Middlebury Economist’s Scheme for Foreclosure Prevention
Middlebury College economist David Colander has launched an alternative to Senator John McCain’s proposed $300-billion bailout of the housing sector. According to Colander, McCain’s strategy is against the principle of accountability for one’s actions. He said that the bailout gives subsidies to Americans who borrowed beyond their capability while giving nothing to others who struggled to live according to their means.
Colander says that the best strategy would be a scheme that would achieve the goals of all stakeholders in the housing market. The scheme should help homeowners save their homes, should help mortgage lenders save their investments, should help communities maintain healthy social structures and should contribute significantly to the stabilization of the housing market.
Colander’s scheme is named Trickle-Up Plan. It aims to help homeowners distressed by foreclosures, help mortgage banks reduce their foreclosure inventories and stimulate buying in the housing market.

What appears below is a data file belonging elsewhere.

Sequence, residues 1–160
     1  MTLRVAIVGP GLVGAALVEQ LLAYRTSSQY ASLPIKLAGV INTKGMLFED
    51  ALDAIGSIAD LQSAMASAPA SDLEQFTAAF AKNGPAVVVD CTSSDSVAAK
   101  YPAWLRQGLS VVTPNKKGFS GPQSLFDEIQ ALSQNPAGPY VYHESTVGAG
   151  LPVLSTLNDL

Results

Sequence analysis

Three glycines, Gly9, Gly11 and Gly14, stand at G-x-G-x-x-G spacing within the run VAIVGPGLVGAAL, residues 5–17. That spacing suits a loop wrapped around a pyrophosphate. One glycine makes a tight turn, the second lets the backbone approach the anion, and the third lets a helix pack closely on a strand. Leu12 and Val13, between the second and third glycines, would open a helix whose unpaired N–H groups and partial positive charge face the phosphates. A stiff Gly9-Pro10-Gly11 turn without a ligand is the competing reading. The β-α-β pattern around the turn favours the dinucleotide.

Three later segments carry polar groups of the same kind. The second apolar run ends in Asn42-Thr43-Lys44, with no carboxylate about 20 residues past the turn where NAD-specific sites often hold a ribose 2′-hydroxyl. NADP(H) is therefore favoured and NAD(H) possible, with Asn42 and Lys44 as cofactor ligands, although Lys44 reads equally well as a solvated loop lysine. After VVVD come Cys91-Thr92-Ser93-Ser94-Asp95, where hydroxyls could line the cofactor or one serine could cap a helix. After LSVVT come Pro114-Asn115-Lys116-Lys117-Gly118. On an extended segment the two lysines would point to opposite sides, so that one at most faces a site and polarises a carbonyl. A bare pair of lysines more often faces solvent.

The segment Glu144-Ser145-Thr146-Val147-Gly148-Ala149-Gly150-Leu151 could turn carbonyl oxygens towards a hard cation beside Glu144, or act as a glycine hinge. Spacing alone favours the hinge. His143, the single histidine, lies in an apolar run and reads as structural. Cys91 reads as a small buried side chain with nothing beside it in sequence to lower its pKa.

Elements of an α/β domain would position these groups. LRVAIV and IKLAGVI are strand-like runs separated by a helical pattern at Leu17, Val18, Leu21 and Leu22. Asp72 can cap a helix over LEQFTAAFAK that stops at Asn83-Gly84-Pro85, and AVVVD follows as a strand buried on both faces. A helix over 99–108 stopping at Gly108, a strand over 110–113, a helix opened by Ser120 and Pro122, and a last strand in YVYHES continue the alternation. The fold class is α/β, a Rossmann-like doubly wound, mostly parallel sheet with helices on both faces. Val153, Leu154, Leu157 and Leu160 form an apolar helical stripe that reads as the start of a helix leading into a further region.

The key element in Colander’s plan is the use of foreclosure vouchers. The government would allot foreclosure vouchers to taxpayers according to income levels, with the lowest earners receiving the biggest voucher amounts and with people in certain high income levels excluded from the scheme.
The vouchers are foreclosure vouchers and therefore can only be used in two ways: to buy foreclosed properties or to pay mortgage loans to save homes from foreclosure.
For recipients who cannot use the vouchers because they are not facing foreclosures or are not interested in buying foreclosure properties, they can sell their vouchers on the secondary market at a discount. The discounted vouchers would attract investors to the foreclosed housing market, creating housing demand, restoring home prices and ultimately contributing to the nation’s economic recovery.
Colander asserted that his Trickle-Up Plan relies on a strategy that helps the common man first so that big business can be helped eventually rather than on a strategy that helps big business first so that the common man can eventually be helped.